Ophthalmologist and Physician-Scientist
Five Factors Contributing to Vision Loss

Five Factors Contributing to Vision Loss

According to the National Eye Institute, a part of the National Institutes of Health, 285 million people around the world are living with blindness or visual impairments. Moreover, the number of people in the US who are blind or visually impaired is expected to double to more than 8 million in the next three decades.

While most cases of low vision and blindness in the future will occur primarily as a natural consequence of aging, there are a number of factors scientists believe can contribute to reduced vision. The following are five factors that may affect eyesight and contribute to vision loss or even blindness.


  1. Sunlight

Ultraviolet (UV) rays from the sun can cause significant damage to eyes over time. Two forms of UV rays can affect vision: UV-A and UV-B. UV-A has been shown to cause damage to a central portion of the retina known as the macula, which serves as a platform for light focused by the cornea and the lens. UV-A rays can damage your central vision, while UV-B rays tend to damage the front part of the eye, particularly the frontal lens and the cornea.

The best way to protect the eyes from vision damage caused by UV rays is to always wear high-quality protective sunglasses that filter out this form of light. Overexposure to UV rays can be a problem for people who routinely work outdoors. These individuals are at an increased risk of eye diseases such as cataracts, macular degeneration and pterygium.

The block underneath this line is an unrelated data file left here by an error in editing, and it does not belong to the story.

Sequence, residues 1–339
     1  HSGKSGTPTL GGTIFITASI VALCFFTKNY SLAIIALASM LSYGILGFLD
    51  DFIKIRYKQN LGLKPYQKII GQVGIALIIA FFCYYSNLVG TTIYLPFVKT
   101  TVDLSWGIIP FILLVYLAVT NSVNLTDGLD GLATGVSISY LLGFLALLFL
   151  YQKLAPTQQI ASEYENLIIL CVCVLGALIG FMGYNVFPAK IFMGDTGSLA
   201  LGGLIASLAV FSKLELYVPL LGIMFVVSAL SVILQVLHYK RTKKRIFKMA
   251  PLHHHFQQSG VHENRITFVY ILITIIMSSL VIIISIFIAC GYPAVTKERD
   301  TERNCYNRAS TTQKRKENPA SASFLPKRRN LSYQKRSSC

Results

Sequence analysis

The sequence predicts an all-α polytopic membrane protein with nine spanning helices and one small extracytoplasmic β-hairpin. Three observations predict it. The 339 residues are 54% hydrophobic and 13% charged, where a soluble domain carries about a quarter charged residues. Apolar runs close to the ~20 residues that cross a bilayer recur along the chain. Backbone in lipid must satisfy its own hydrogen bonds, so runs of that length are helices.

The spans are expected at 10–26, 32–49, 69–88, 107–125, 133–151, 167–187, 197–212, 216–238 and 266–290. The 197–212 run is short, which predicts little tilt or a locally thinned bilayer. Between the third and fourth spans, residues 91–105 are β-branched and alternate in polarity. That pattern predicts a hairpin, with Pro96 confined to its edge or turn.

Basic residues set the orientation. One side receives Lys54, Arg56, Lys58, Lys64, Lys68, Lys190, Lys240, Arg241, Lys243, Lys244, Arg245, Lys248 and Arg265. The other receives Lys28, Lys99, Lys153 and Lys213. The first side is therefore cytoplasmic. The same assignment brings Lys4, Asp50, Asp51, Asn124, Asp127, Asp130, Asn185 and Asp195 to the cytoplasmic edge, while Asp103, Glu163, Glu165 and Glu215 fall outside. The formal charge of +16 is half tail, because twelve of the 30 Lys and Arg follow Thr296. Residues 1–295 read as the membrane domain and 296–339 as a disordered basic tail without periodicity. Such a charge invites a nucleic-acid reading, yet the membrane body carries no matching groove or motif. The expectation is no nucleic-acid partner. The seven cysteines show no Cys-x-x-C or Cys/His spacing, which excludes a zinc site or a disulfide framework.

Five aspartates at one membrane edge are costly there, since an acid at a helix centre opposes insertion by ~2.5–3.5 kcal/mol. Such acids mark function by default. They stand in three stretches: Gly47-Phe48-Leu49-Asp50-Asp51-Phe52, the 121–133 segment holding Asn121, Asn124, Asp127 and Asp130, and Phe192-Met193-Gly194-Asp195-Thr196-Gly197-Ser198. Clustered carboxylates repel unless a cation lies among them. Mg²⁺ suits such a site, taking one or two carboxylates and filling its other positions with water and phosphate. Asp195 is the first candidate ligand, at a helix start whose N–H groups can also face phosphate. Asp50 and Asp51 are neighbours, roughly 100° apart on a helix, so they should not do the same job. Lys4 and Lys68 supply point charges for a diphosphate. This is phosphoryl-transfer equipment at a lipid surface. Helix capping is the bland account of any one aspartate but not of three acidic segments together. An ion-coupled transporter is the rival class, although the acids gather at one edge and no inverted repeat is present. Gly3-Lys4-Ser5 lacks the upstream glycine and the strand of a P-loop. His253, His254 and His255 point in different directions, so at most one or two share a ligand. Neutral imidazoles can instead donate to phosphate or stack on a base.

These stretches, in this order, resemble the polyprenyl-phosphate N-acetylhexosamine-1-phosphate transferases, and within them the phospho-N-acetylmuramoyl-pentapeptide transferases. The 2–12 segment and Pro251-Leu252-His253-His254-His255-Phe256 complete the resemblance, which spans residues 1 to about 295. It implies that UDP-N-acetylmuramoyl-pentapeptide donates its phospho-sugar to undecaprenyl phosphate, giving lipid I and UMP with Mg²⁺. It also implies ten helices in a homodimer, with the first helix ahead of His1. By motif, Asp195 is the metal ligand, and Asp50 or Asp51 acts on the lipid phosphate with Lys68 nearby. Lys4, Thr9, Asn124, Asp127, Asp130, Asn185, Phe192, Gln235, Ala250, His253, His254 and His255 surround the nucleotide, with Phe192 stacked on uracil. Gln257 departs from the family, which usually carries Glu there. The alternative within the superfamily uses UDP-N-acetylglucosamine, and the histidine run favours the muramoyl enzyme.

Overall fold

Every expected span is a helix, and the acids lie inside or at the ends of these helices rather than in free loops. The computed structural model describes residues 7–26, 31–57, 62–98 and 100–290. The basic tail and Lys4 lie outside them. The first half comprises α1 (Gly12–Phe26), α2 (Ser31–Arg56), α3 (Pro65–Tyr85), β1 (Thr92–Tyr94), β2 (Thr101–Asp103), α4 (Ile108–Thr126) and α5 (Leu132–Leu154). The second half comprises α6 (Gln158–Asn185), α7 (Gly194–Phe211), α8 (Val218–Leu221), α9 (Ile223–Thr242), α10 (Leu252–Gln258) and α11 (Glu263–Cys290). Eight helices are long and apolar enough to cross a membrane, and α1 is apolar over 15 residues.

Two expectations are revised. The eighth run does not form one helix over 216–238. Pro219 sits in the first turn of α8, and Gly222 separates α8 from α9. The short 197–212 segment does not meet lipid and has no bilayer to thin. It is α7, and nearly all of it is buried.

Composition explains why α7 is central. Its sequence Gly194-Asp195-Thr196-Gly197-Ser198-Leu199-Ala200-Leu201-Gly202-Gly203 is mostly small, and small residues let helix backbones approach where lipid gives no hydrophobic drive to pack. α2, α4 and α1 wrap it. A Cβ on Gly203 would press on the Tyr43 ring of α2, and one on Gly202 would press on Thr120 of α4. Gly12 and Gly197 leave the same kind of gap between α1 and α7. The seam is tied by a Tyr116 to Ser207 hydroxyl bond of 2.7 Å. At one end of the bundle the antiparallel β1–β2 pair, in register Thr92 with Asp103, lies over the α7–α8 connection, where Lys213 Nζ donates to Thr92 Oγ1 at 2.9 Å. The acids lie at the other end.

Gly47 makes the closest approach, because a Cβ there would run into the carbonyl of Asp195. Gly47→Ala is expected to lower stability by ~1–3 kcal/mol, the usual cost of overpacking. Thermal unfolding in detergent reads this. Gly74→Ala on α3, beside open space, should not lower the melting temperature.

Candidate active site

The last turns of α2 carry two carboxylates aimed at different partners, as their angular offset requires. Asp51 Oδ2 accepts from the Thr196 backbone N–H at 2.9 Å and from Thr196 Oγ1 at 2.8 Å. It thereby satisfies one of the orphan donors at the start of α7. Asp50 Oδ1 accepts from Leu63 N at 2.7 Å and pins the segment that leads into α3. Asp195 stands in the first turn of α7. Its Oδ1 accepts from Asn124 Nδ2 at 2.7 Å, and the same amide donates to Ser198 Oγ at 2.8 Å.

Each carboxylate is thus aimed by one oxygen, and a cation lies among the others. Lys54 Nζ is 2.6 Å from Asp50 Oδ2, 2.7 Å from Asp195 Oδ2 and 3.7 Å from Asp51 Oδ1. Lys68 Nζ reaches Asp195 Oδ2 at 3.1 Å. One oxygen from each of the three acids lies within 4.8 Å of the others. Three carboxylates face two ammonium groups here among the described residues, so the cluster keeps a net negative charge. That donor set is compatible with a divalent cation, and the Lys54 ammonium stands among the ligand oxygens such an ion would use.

1. Stress

Not only can long-term stress lead to cardiovascular disease and depression, but it can also affect your ability to see.

Arguably the most serious way that stress can induce vision loss is through a condition known as central serous retinopathy. Stress is believed to contribute to the condition, which occurs when fluid builds up within the eye, specifically behind the retina. The fluid buildup may cause the retina to detach, impairing a person’s vision. Typically, the condition occurs in only one eye, and the primary symptom is blurry vision.


  1. Smoking

Approximately 37 million people in the United States smoke, according to data from the Centers for Disease Control and Prevention. While they may be aware of the damage smoking can cause to the body, they may not realize the habit could eventually lead to severe vision loss or even total blindness.

A smoking habit is a risk factor for all of the serious major eye diseases, including glaucoma, age-related macular degeneration (AMD), cataracts and diabetic retinopathy. Smokers are between three and four times more likely to be diagnosed with AMD and three times as likely to develop cataracts as non-smokers. Smoking also contributes to elevated blood pressure levels, which are known to be a risk factor for glaucoma. Smoking may even increase the risk of developing diabetes. Moreover, heavy smokers are twice as likely to develop diabetes than non-smokers.




  1. Medications

While medications prescribed by a licensed medical professional can be useful in the treatment of a specific illness, it’s important for people taking medicine to be aware of the possible side effects and to monitor their vision to detect changes. Many medications, such as those prescribed for osteoporosis, prostate conditions and erectile dysfunction, are primarily prescribed to older people, who are already at a higher risk of vision loss.

Even some herbal medications may contribute to vision loss. For example, the tanning agent canthaxanthin has been known to cause small crystal deposits in the retina. Contact a physician immediately if experiencing any abnormalities in vision.


  1. Contact lenses

Contact lenses must be used correctly to prevent the wearer from contracting a rare, but serious infection. Known as acanthamoeba keratitis, the condition most often occurs in the cornea of contact lens wearers who don’t adequately clean the lenses or lens case or who expose their eyes to water while wearing their contacts.

The infection is painful and, if left untreated or undiagnosed, can lead to scarring that may eventually cause blindness. Symptoms include tearing, redness, blurry vision, swelling, a feeling that something is “in the eye,” sensitivity to light and discharge.